Students running to view the compost that their own collection of food scraps helped to create!

It is with great honor that we celebrate such a momentus event with High Point Academy, its students and their families!

The unique, student-led compost study initiated at High Point Academy this year allowed Waste Less Living to continue building upon our existing successful partnership with High Point Academy.

 High Point students already are sailing ahead in the area of understanding sustainability with the help of our school food scraps program. NOW they have taken it a step further–

High Point Academy students get to see the tangible results of all their hard work and efforts, as they study the effectiveness of compost that has been produced using their very own food scraps!


We are extremely excited to partner in this and the big things to come with this study!


about: World Soil Day!

Did you know that it takes 100 years to form 1 cm of soil!


World Soil day celebrates the importance of soil as a critical component of the natural system and as a vital contributor to the human commonwealth through its contribution to food, water and energy security and as a mitigator of biodiversity loss and climate change.

Read more here!

Here are a few more facts about our good friend, soil (courtesy of DoctorDirt.com) :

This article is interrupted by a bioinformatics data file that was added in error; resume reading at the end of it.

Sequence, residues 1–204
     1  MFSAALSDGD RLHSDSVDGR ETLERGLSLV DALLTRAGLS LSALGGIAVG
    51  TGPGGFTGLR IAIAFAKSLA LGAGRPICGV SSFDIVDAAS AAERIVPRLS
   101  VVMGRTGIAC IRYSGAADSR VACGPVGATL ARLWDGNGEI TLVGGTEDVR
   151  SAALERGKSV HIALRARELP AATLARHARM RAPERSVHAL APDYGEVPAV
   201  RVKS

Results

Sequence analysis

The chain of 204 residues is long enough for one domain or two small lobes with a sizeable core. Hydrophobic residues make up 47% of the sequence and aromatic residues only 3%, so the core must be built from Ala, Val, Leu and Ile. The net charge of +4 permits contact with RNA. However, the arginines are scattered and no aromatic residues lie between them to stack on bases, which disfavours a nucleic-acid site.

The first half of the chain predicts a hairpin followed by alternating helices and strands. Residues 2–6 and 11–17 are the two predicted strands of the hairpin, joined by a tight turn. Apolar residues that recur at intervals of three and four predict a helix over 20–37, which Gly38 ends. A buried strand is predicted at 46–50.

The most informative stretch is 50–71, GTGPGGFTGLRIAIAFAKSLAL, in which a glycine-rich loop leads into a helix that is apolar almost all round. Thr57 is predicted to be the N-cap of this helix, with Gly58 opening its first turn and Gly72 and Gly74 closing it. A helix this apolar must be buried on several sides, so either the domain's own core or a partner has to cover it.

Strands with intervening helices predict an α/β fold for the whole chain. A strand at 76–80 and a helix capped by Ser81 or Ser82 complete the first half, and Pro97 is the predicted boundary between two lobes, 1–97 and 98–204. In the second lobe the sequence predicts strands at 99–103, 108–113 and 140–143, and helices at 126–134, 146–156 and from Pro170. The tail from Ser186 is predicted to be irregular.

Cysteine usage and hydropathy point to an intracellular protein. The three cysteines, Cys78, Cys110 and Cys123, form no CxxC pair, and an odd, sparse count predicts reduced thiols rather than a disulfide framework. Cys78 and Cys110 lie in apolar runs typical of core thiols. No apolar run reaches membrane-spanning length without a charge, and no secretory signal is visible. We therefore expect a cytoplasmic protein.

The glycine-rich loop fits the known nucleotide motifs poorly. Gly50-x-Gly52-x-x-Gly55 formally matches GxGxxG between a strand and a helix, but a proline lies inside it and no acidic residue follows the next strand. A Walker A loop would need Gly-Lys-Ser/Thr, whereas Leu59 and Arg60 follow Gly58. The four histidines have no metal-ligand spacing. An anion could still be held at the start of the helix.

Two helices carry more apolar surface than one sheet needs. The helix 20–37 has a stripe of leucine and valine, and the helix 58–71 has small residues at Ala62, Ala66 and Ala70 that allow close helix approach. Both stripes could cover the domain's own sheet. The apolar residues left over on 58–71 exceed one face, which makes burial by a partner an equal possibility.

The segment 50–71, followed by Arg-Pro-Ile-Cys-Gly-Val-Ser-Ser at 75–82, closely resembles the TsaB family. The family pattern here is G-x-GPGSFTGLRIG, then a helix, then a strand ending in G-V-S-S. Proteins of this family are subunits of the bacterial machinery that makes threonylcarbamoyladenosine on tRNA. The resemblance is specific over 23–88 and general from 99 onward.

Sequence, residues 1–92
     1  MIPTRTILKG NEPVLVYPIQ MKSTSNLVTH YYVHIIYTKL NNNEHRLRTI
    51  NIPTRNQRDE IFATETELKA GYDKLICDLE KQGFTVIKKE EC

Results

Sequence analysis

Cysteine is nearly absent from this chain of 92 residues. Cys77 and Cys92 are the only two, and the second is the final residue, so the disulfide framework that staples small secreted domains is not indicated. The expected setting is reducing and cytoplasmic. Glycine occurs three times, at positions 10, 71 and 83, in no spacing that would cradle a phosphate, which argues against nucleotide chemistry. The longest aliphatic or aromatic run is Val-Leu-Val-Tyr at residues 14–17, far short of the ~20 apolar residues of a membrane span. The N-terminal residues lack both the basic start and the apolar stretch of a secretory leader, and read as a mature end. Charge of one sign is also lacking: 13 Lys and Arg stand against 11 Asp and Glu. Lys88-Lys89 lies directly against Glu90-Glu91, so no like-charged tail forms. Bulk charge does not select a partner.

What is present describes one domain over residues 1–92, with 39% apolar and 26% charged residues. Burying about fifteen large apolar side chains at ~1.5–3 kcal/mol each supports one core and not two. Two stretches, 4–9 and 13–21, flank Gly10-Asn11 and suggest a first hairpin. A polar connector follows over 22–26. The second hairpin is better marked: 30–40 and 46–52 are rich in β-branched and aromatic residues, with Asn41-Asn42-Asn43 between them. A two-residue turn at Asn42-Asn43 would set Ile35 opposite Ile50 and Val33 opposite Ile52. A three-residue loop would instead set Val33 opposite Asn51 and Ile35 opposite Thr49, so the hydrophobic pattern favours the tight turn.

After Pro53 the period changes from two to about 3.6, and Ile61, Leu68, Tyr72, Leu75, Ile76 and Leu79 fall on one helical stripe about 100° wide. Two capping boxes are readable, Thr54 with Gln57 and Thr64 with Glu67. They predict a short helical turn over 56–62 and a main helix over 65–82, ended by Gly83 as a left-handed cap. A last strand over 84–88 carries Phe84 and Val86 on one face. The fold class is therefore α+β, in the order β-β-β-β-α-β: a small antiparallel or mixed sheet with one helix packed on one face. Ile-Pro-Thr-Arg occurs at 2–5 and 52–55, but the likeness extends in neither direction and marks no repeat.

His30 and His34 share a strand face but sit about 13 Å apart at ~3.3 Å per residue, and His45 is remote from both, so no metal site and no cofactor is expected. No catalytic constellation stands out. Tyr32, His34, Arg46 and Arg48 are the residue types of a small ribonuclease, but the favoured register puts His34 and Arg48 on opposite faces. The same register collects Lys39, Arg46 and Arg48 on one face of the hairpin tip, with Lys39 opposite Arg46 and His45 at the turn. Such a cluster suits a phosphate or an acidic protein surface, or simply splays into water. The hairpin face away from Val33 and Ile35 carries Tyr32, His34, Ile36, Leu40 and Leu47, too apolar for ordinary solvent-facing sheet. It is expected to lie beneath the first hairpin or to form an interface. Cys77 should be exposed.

• Soil is a living system.
  • Soil contains 0.01% of the Earth’s water.
  • Soil is 49% Oxygen, 33% Silicone, 7% Aluminum, 4% Iron, and 2% Carbon.
  • Fifty percent of soil is air and water. The rest is mineral and organic material.
  • In one gram of soil, the number of bacteria ranges from 100,000 to several billion.
  • There are 5000 to 7000 different species of bacteria in one gram of soil.
  • The total living matter in an acre of soil ranges from 5000 to 20,000 pounds.
  • Each year, 15 tons of dry soil per acre pass through earthworms. Earthworms eat soil to get the organic materials in it. The rest passes through them.
  • About 42 centuries ago, the Chinese used a soil map to determine taxation amounts.
  • Soil develops from geologic materials such as rocks, glacial deposits, granite, limestone, and stream sediments.
  • Soil influences the life spans of our roads and highways.
  • The stability of the foundations of our houses and buildings are determined in part by the soil they rest on.
  • Soil is much like the earth’s peel, similar to an orange peel.
  • Erosion of soil from our lands clogs rivers and dams and decreases the usefulness of soil for growing plants.
  • Soil is often at the bottom of the food chain. Plants and small invertebrates feed off of the soil and animals feed off of the plants.